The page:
How long to lead?

This topic contains 4 replies, has 0 voices, and was last updated by  Anonymous 3 years, 2 months ago.

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  • #74812

    Anonymous

    How long do you think a dancer should generally lead for in a song?  I tend to think that switching lead every few moves is distracting, and perhaps confusing to the audience, but I would like others' opinion on the matter.  Of course I understand feeling the music, and not feeling the music, and switching out when it's not “moving” you;  is that more what it should be based on instead of time?

    #96722

    Anonymous

    It honestly depends on a few factors for our troupe. I have 5 dancers that I dance with regularly and only 2 are “lead ready” and “lead confident” for Public performance.  I'm grooming the others to get to that point and it's coming along nicely, but it'll take a bit to get them to where we want them for performance.1. how many lead ready dancers do you have?2. how dynamic are the  changes (if any)in the music?3. how many dancers in the formation? Is there a Chorus?4. How long is the song?1. For us, we have 2 so, we're limitted by that to maybe 4 changes total in a song. 2. A song like Helm - "Amel" where there are 3 speeds in the song (slow intro, Fast 4:4, medium 2:4) we may have 1 leader for the slow portion, then have a change as it goes to fast, a change somewhere IN that fast section and then a lead change again when it switches to the 2:4. Maybe in the fast 4:4 we can have some lead neutral circle time too, which makes for a dyanmics change for the audience. 3. In a trio, I like for all three dnacers to get some lead time, even if one of the "leads" is a fade or in the circle. Quartets have some leeway for keeping it to just 2 leaders, and duets (for us) have a constant banter between lead/follow, facing in towards each other and out towards the audience. There we have a tendency to divide the song in quarters and just follow the dynamic changes in the song.4. Short song, Under 3 minutes, only one lead change. LONG song... 5 mintes+? A minute or so per leader?

    #96723

    Anonymous

    Yes, ours is based on your latter thought process, Noelle. We just change when we want to.  Providing we all know the song, one dancer may have inspiration that last several moves, others longer, other shorter.  For us it's a balance between the phrasing in the music and how long or short that particular leader is inspired to be up there creating something.  They might go up, do one move and be done. 

    #96724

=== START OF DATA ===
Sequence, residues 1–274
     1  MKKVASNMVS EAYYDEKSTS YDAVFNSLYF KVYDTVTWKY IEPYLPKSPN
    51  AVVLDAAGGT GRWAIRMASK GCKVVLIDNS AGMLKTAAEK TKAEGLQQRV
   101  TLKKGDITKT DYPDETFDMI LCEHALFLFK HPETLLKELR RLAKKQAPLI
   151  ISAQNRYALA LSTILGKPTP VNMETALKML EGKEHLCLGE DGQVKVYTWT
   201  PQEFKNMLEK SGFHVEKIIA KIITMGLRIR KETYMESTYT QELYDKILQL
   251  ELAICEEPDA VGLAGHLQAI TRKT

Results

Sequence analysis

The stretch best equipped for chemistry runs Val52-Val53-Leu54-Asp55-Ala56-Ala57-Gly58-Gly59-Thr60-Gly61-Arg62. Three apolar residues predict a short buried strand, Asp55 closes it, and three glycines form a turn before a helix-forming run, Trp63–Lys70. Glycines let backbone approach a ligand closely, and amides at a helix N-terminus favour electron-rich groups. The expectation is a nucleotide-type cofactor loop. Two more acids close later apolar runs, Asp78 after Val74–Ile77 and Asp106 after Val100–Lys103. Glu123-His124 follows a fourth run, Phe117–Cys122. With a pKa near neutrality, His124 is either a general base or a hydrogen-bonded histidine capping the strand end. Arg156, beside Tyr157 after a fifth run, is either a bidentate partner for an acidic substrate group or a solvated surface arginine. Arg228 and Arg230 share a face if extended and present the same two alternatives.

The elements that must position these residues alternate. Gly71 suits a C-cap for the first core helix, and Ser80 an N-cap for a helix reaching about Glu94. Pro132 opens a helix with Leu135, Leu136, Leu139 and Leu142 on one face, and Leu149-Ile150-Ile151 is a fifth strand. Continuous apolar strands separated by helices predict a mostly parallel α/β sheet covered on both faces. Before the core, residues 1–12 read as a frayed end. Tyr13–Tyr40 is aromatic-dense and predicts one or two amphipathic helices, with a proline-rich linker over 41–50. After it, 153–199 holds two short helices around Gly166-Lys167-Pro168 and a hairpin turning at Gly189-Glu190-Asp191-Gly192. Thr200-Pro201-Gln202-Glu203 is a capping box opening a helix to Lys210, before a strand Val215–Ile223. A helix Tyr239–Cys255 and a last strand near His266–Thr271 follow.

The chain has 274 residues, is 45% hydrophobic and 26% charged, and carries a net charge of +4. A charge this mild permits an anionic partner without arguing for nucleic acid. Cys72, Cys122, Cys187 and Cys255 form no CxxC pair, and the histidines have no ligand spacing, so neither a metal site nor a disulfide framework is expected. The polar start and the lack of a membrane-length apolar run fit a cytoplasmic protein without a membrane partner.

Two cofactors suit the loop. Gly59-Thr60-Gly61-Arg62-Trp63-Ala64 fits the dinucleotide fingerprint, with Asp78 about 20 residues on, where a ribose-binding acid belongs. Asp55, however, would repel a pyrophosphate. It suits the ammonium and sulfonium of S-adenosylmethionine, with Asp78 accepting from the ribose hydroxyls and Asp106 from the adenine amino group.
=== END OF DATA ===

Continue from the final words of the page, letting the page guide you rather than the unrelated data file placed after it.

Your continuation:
Anonymous

    There are no rules about giving everyone equal time leading, or anything like that. Rather, I'd say that you should let the music be your guide: when does the music tell you to transition leads? How does your choice of which lead transition to use create a visual representation of the music that the audience will respond to? When is the music telling you to fade vs. circle up? When is it telling you to use a more complex lead transition, like the trio passes (camel and arc arm / “shell game”)? How can you use the lead transitions to tell the visual story of the music and not just change leads for the sake of showing off a new lead dancer?I think the audience will respond better to a good group musicality than just switching up dancers - the latter can look robotic and disconnected, imo. All that said, I'm in total agreement with Carrie - sometimes inspiration dries up and you just gotta get out of the lead!

    #96725

    Anonymous

    Thank you for your insight, ladies, I appreciate it.  My troupe is made up of four dancers, and while I tend to lead/switch out of lead as the music moves me, I feel that some of the other ladies are kind of like, do three moves, change lead…Janet, you said, “I think the audience will respond better to a good group musicality than just switching up dancers – the latter can look robotic and disconnected, imo,” which is what I worry might be happening, lots of switching up instead of doing so when moved by the music.  I guess I am wanting to bring it up to them but wanted to hear from others first that what I felt was what others felt too, so it's nice to get the replies I did.  😉

    #96726

    Anonymous

    In my opinion, it also depends a lot on how you're switching leads.  If it's constantly one person leads, does a few moves, turns into a circle, circle rotates to the next person who then takes the lead, does a few moves…that does get very robotic and boring.Our troupe is currently a trio, which generally means all three of us dancing the entire set, or most of it.  We change leads pretty frequently, but prefer to do so using fades and other formation changes, so we avoid the repeated circling up, which can get tedious.I do agree, though, that it should be based in musicality.  After all, that's what should be driving the entire dance, right? 🙂

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